Gateway to the Classics: The Tale of Cuffy Bear by Arthur Scott Bailey
 
The Tale of Cuffy Bear by  Arthur Scott Bailey

Cuffy Bear Goes Swimming

A S Cuffy Bear tore through the forest, with the bees clustering all about his head, he thought he never would reach the brook. He was going straight for the deep pool, which he had often visited in order to watch the speckled trout darting about in the clear water.

Now and then Cuffy paused in his mad rush, to bury his face in the thick blanket of dead leaves that covered the ground. But just as soon as he raised his head the bees would settle on his face again. And Cuffy would rush off once more as fast as he could go.

At last he came to the brook. And he leaped right off the big boulder that hung high over the pool and landed ker-splash! right in the middle of it. How the water did fly in all directions! And Cuffy went right down out of sight.

Of course, the bees wouldn't go down into the water too. They knew they'd be drowned if they did. So they lingered in a swarm above the water. They hovered there in the air and waited. And when, after a moment, Cuffy's head came up out of the pool, they swooped down and began to sting him again.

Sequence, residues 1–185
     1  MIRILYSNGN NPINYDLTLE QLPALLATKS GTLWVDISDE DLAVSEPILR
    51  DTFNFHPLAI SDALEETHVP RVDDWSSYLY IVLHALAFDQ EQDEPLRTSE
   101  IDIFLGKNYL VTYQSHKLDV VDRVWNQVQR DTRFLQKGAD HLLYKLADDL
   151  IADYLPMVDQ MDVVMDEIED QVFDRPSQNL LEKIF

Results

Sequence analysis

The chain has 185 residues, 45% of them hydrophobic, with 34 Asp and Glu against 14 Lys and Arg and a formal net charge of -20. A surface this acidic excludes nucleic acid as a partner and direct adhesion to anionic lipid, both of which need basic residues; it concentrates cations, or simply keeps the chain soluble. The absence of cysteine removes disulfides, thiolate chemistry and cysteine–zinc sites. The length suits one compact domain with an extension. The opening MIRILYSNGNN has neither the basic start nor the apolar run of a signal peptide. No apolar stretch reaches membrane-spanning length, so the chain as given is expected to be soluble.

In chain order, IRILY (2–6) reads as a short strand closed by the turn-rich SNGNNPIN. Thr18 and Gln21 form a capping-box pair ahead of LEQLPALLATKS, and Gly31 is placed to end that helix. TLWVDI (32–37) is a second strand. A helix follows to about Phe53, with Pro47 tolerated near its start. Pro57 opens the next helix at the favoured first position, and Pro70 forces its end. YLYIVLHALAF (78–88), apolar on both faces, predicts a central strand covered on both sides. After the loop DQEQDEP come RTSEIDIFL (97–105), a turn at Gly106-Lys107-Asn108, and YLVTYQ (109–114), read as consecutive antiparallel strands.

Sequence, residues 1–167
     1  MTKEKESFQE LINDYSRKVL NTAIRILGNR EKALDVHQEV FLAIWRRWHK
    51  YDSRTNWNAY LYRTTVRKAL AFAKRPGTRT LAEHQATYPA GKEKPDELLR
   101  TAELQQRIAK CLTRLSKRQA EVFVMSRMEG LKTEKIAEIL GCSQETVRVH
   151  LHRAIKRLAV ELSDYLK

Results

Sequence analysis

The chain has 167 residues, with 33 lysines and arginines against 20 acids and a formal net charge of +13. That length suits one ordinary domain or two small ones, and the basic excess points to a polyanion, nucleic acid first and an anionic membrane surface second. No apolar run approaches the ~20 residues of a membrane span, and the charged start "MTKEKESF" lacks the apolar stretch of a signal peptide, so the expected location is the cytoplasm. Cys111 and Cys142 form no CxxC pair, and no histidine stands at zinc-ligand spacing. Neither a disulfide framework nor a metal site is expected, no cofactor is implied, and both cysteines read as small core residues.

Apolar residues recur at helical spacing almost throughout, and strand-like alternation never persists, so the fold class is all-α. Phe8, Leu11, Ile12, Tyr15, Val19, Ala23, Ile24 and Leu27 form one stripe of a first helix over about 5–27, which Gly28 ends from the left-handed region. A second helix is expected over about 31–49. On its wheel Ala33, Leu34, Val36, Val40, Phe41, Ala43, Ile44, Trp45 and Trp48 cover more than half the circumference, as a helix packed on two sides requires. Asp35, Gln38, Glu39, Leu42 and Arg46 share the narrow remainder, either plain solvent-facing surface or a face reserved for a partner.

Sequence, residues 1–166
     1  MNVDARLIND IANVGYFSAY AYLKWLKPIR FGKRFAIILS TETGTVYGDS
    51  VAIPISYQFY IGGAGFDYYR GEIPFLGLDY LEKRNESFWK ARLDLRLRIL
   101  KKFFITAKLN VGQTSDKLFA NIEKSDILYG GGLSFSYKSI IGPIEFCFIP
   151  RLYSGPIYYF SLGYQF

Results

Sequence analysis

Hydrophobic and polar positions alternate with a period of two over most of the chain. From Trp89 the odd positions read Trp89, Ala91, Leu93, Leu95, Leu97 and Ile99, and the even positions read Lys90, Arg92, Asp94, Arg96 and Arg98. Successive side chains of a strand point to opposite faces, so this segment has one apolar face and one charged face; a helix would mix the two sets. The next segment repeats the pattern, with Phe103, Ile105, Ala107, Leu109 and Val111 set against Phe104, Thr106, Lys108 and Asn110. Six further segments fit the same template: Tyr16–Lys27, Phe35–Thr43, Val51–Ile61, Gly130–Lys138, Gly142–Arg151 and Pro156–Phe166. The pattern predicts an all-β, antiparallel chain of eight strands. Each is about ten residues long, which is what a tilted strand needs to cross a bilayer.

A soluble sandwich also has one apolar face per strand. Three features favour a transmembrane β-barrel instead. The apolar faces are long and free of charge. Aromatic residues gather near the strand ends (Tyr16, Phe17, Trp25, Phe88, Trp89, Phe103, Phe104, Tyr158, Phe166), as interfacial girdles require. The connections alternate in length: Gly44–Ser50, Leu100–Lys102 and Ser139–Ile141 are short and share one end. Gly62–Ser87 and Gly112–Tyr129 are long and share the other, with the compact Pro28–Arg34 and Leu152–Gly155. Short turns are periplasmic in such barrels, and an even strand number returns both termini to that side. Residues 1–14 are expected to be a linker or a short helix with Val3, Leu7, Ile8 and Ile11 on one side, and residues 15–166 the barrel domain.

Cuffy promptly ducked his head. And he swam under water to the further side of the pool and came up once more. To his surprise the bees were right there waiting for him.


[Illustration]

The bees were right there waiting for Cuffy.

And he ducked under again, and swam to the opposite side, near the big boulder. And once more, when he came up to breathe, he found the buzzing bees all ready to pounce upon his nose.

So poor Cuffy had to keep pulling his head down into the pool. He would keep it there just as long as he could hold his breath; and then he would simply have  to stick his nose out of the water in order to draw some fresh air into his lungs.

It was not long before Cuffy became very tired from so much swimming. So he found a shallow place where he could stand on the bottom of the brook, with just enough water to cover him, and where he could poke his nose out whenever he had to. And just as often as his little black nose came up above the surface of the pool the bees lighted on it and stung Cuffy again.

All the rest of the afternoon poor Cuffy had to stay there in the water. For the bees did not leave him until sundown. And then, when the last one had gone, Cuffy crawled out of the brook and started toward home. His little round body and his sturdy little legs were not warm now, as they had been when he sat down beneath the tree to get cool. For the mountain brook was ice-cold; and Cuffy felt quite numb from standing in it so long. But cold as he was, his face felt like fire. And for some reason, which Cuffy couldn't understand, he could hardly see to pick his way through the shadows of the forest.


 Table of Contents  |  Index  |  Home  | Previous: The Bees Sting Cuffy  |  Next: Cuffy Frightens His Mother
Copyright (c) 2005 - 2020   Yesterday's Classics, LLC. All Rights Reserved.